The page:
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Tania Li, Land’s End: Capitalist Relations on an Indigenous Frontier. Durham: Duke University Press, 2014. 248 pp.

inline graphicEvery so often we have the privilege of reading a book that, like Tania Li’s Land’s End: Capitalist Relations on an Indigenous Frontier, radically realigns our thinking on pressing problems. Li combines a nuanced analysis of long-term ethnographic data and a straightforward, yet sophisticated, theoretical framework to prod us to reexamine an issue that is hardly unique to Indonesia: how have landless rural people been left behind in the march toward capitalist agricultural production and market expansion? The Lauje highlanders she depicts once enjoyed significant economic and political autonomy due to a system of shared access to common land and an open frontier for expansion.

The book traces these indigenous highlanders’ attempts to alleviate their poverty through agricultural commodity production, only to encounter the polarizing effects of the capitalist relations that emerged among them as a result (2). Today, they have limited access to both land and employment opportunities. Li convincingly argues that this “land’s end” demands new knowledge and a new politics (179): she deftly employs her ethnographic research to challenge both 1) development policies aimed at alleviating poverty through market integration and 2) social movements that promote development alternatives that are inappropriate for the majority of the world’s rural dwellers. The author’s forthright prose and original approach make this a superb text for classroom use at both the undergraduate and graduate levels. It will appeal to area specialists and political ecologists, along with anthropologists specializing in economic, ecological, and applied domains.

Li develops an “analytic of conjuncture” in which each element sets the conditions of possibility for others in changing configurations (16) to [End Page 827] answer a question that is both theoretically and practically compelling: why did the Lauje highlands remain seemingly inert in the face of developing inequalities? Why didn’t residents seek to limit their exposure to market risk (9)? In other words, why is there no Polanyian counter-movement? The answer to this question is found in the configuration of elements that are systematically explored in the book: economic factors (prices, market demand, profits, and credit); material qualities (rainfall, pests, diseases, topography); crop characteristics (longevity, storability, disease vulnerability, production requirements); social organization and cultural values; institutional elements (customary and official rules regulating daily life); and the desires of both humans and unseen spirits.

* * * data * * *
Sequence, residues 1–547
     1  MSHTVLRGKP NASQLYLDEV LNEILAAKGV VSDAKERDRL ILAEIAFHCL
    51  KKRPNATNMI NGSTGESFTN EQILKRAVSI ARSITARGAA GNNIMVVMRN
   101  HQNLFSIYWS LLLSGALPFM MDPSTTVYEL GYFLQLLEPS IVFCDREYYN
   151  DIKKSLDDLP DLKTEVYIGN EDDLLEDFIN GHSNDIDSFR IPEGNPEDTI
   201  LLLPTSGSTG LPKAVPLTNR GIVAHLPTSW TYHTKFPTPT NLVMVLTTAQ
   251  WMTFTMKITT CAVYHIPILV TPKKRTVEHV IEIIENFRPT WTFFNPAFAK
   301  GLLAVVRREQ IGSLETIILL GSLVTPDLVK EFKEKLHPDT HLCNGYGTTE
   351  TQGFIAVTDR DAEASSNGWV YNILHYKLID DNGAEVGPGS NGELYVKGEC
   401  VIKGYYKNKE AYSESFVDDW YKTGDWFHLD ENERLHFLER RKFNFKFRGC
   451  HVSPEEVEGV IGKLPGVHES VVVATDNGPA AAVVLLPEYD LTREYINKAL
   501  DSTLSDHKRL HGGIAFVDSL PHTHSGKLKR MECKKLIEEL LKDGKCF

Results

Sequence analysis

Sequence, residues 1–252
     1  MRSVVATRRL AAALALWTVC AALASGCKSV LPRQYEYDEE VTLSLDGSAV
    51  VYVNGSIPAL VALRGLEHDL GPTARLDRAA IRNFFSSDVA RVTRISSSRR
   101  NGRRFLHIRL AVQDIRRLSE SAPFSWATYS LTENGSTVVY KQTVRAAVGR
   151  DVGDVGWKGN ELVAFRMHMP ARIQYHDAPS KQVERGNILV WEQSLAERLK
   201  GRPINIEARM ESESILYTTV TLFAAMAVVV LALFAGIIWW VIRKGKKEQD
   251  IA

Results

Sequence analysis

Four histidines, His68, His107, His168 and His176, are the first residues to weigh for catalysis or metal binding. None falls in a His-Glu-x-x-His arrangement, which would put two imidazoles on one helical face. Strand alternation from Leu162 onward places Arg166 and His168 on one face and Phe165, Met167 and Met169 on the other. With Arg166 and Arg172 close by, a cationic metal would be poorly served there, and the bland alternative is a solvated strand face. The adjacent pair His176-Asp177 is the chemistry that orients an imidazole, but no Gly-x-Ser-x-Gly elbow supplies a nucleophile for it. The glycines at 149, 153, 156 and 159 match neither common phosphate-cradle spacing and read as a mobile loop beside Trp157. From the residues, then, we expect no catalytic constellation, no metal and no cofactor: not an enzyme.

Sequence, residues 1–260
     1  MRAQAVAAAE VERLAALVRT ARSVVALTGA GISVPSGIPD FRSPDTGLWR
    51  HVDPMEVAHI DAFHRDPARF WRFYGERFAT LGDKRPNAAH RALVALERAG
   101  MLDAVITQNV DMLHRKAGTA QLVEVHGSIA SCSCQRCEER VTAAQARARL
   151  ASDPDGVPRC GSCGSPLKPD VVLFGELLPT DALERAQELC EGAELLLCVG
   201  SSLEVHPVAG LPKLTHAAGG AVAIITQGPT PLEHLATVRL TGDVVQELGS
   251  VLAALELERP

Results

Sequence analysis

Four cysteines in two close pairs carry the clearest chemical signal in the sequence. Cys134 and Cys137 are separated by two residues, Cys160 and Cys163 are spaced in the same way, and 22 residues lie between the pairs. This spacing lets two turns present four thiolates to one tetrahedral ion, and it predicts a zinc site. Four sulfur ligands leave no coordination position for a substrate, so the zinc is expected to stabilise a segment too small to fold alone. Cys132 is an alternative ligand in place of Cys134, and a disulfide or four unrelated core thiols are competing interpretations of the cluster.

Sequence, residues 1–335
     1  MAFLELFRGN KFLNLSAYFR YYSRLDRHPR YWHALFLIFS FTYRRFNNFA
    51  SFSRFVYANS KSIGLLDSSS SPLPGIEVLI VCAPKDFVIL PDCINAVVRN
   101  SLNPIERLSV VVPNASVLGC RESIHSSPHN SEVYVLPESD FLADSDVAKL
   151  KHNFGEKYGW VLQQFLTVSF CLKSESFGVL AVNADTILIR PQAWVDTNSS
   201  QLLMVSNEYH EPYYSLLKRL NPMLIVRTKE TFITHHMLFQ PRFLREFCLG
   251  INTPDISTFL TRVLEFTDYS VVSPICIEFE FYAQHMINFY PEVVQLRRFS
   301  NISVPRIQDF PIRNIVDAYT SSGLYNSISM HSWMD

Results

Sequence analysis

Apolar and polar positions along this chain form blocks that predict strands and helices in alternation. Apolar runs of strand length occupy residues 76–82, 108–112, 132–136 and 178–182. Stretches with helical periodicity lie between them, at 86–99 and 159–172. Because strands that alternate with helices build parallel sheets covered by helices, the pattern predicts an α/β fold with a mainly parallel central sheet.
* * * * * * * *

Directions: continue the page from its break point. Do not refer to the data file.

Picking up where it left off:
Chapter 1, “Positions,” explores the historical processes that informed the identities of highlanders and drew them into particular sets of political and economic relations with merchants and government authorities over the course of two centuries. Chapter 2, “Work and Care,” introduces readers to several highland neighborhoods to explore labor and social relations in a period when residents had sufficient land for subsistence production. Chapter 3, “Enclosure,” details how the increased production of cacao on commonly owned land led to privatization and a new concept of land as a bounded unit that can be owned, bought, and sold. Chapter 4, “Capitalist Relations,” explores the effects of the capitalist relations that emerged when land, labor, and money began to travel circuits defined by competition and profit. Finally, Chapter 5, “Politics Revisited,” investigates how highlanders responded to increasingly entrenched inequality.

Li mobilizes her research to support three central arguments that together answer her guiding question: how does the transition from subsistence farming to agricultural commodity production impact landless, rural people? First, she pays careful attention to the complex ways in which Lauje highlanders were positioned within local economic and political structures. She argues that the highlanders’ characterization as “wild, backward, and unproductive worked to secure particular relations of power,” and cultivated their desires for particular ways of living (32-33). She doesn’t limit her focus to an exploration of the highlanders’ conscious, articulated reasons for switching to cash crop production. Instead, she explores the set of relations, tensions, and desires which contributed to this course of action, identifying three as especially important: the experience of social stigma, livelihood insecurity, and a desire for access to the roads and schools highlanders associated with [End Page 828] “modern village life” (57). However, Li is careful to assert...


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pp. 827-830
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